This is first and foremost an intellectual autobiography, as I suppose only Mill himself could have produced.
Lex Bijlsma
Autobiografie van een in veel opzichten interessante figuur: zijn zeer ongebruikelijke opvoeding en de wijze waarop hij zich intellectueel geleidelijk heeft losgemaakt van de invloed van zijn vader vormen thema's die stof tot nadenken geven. Het gewrongen proza en de minutieuze verdediging van elk ooit geschreven artikel maken het lezen hiervan echter zoiets als fietsen in nat zand.
Ke Huang
Rather than a biography, the work seemed like an extended CV of his qualifications. While Mill had an impressive life, I didn't feel that the piece was ever intimate enough.

Even when he talks about his deceased wife, it is under the light of how she helped him advance his career. Perhaps that's the genre of his time.
Such an unexpectedly great book. I didn't think much about an autobiography, but I found so many of Mill's ideas and thoughts very resonating, and connected with him on multiple points. His views on religion are also surprisingly modern. And I found his personal struggle with analytic thought and emotions quite interesting.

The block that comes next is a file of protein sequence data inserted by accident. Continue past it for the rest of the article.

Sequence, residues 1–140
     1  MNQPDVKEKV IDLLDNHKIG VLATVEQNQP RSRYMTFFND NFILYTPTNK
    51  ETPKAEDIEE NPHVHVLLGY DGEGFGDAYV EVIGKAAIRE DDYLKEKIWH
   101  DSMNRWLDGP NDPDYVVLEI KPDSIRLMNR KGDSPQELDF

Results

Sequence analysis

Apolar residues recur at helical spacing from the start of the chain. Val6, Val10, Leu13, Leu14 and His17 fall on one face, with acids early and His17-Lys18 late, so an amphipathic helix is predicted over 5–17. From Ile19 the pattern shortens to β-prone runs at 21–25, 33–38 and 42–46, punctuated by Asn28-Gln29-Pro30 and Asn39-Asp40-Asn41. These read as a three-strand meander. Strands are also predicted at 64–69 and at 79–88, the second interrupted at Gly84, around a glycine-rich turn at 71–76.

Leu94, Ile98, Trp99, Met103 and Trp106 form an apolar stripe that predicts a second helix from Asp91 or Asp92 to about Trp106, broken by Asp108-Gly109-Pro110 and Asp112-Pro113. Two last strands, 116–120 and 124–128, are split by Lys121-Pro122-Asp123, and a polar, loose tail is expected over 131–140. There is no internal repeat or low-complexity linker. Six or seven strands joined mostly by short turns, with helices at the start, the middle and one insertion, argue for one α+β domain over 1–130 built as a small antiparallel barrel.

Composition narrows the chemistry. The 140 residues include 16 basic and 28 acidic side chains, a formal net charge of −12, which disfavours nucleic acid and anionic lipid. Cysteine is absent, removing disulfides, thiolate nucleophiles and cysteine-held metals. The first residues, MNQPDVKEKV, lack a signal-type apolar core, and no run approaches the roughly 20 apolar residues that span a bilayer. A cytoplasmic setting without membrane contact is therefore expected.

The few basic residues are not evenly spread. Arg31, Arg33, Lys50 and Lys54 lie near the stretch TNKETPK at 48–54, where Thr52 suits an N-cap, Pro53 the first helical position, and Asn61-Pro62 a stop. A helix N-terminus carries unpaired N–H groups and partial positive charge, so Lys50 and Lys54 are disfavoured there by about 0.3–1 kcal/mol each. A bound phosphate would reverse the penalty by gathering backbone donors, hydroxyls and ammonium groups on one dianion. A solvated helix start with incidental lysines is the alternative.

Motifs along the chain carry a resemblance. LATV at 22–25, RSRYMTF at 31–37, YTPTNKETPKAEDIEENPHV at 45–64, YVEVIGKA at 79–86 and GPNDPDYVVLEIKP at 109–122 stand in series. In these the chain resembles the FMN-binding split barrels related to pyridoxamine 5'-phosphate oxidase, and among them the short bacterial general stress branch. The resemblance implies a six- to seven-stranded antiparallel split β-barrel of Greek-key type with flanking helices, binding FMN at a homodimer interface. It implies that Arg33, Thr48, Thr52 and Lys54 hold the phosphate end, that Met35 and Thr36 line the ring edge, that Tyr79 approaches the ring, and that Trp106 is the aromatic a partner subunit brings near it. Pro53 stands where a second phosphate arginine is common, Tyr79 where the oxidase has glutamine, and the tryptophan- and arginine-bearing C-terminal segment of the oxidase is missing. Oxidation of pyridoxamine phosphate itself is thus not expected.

not a big fan of utilitarianism, but I am now a big fan of Mill -- social justice is not a boogeyman dreamed up by liberals to haunt Glenn Beck -- it may be the only thing to save capitalism from devouring its own
Matt Hudgens-Haney
I love to read biographies and, whenever possible, autobiographies of great thinkers and achievers. I was, however, quite disappointed by this book. Although there are a few interesting bits, overall it was very boring.
I've finally found someone who grew up like I did. Only replace father with mother. So I don't need to write an autobiography now. Just copy his :) Would we have been friends? Probably not terribly good ones.
Jan 07, 2009 Marc is currently reading it  ·  review of another edition
So far I'm tempted to just skip the later autobiography and read all the books he mentions that he read and loved as a kid.
This book is a fascinating read for anyone who is interested in education and genius.
ECON 314: John Stuart Mill: Political Economy and Social Philosophy
Somehow simultaneously dry and fascinating...